If time had permitted the previous day we would have called at Glengallan House as we drove past. This interesting piece of history is located about 15 km north of Warwick, beside the New England Highway, a couple of clicks past the intersection with the Cunningham Highway.
The mansion was built on one of the first grazing leases in the Southern Darling Downs. It has a long history and has had many owners. It fell into serous disrepair but was rescued and has been restored to some of its former glory. It is now owned by a trust purposed for its improvement. There is still a lot of work to be carried out.
Dining Room Front Ground Balcony Drawing Room
A café has been included in a reception building, with a gift shop and administration offices. It costs $10 to see through, and the tour is self conducted. Your effort is well rewarded by the picture that you will gain of life in the area in the late 1800s and the early 1900s. We had coffee before moving on.
We travelled to the Gold Coast via Killarney and Queen Mary Falls. I finally realised my ambition to walk down to the bottom of the Falls. The full walk was about 2 km and took about 45 minutes, including stops for photos. There is a good quantity of water flowing down the river at that point. Waterfalls are their own reward.
Queen Mary Falls View into the gorge
We then drove the mountainous and winding Spring Creek Road to Boonah and on to the Coast. We were lucky to have been able to do the drive, as roads between Queen Mary Falls and Boonah were to have been closed for major repairs. But because border closures have had such an impact on businesses in the area the work has been deferred.
We spent two nights at the RACV Royal Pines Resort at Benowa on the Gold Coast. On the intervening day we took a run up to Binna Burra. We hadn’t been there for a some time. The resort area and visitor facilities, of course, had been burned out in the interim.
The Binna Burra visitor area and other track head parking lots remains popular as access points to the eastern parts of the Lamington National Park. Groups of cars were parked at the start of walking tracks. At the visitor facilities, we secured the last parking space.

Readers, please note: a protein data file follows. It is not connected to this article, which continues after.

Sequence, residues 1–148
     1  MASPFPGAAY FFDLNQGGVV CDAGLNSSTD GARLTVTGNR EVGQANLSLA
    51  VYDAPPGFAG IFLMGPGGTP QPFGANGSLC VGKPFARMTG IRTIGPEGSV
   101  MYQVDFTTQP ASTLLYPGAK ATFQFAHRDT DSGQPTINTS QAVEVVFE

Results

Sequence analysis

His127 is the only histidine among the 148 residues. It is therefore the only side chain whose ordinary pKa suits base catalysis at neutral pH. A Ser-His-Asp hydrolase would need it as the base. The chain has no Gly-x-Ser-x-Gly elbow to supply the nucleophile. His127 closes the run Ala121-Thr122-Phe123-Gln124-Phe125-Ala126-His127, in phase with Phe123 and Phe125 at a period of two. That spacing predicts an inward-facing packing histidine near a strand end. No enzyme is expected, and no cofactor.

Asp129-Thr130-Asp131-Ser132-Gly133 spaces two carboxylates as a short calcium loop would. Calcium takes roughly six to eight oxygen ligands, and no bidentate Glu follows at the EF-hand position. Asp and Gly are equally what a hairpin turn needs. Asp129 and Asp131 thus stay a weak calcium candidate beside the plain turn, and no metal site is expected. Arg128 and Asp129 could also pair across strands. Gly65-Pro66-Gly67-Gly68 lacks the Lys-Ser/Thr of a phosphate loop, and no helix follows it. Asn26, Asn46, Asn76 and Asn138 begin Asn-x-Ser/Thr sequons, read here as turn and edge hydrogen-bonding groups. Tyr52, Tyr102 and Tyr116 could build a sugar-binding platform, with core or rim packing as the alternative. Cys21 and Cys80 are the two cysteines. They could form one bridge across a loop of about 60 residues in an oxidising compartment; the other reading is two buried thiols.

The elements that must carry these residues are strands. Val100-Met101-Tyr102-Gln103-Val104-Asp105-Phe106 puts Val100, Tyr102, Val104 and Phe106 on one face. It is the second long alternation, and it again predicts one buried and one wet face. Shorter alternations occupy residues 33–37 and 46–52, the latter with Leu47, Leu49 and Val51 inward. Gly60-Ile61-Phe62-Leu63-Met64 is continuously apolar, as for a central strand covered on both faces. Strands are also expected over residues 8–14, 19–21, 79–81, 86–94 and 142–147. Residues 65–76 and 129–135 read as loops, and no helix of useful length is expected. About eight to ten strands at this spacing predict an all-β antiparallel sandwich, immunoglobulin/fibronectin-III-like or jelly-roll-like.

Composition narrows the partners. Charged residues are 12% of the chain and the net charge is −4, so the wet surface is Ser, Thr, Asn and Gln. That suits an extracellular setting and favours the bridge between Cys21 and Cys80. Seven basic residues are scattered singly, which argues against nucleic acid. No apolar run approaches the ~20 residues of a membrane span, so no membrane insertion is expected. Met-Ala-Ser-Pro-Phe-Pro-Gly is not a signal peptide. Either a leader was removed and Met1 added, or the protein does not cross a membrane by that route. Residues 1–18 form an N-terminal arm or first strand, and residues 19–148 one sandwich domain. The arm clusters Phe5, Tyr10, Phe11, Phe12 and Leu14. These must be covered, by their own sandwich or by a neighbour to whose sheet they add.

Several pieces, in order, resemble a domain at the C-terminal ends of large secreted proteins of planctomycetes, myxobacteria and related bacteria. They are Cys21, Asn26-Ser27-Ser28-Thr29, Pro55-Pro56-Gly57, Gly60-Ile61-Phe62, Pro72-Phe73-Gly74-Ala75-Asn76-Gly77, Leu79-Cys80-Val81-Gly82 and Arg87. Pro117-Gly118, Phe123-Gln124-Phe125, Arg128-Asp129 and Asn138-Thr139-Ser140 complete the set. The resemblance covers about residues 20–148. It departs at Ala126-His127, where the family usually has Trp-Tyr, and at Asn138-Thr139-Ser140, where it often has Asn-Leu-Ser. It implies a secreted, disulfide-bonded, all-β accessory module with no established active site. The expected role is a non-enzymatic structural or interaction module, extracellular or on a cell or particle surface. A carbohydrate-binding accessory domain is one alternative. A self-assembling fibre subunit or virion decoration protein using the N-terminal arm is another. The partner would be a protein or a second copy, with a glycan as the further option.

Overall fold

I walked the 1.2 km Rain Forest Circuit, during which I met a number of other walkers, some casual and some with back packs, as parts of the path are shared by other walks including the Border Track that links Binna Burra with O’Reillys Rainforest Resort.
The visitor area has been rebuilt since the fires with the old facilities renovated or replaced. It now has a modern appearance.
The main change is that the original chalet building that was at the top of the mountain as you turned right at the T intersection has not been rebuilt. A large shed occupies that site. New luxury units have been built to the east of that area where they enjoy sweeping views of the coast and the privacy provided by a “Guests Only” sign. But you can see the top of the units from the road, just before you reach the resort entrance.
We had lunch in the café located in the visitor centre building, with coastal views through the vegetation, but views were obscured a bit by haze.
Binna Burra is always a pleasant place to visit.
Back at the hotel, room service sufficed for dinner. We couldn’t be bothered leaving the room, let alone the hotel. Increasing age has its effects.
With a lunch appointment at the Kurrawa Surf Lifesaving Club at 11.30 AM there was no hurry. Check out time was at 11.00 AM so there was plenty of time. After a leisurely lunch we made our way back to Brisbane along a pleasantly quiet highway.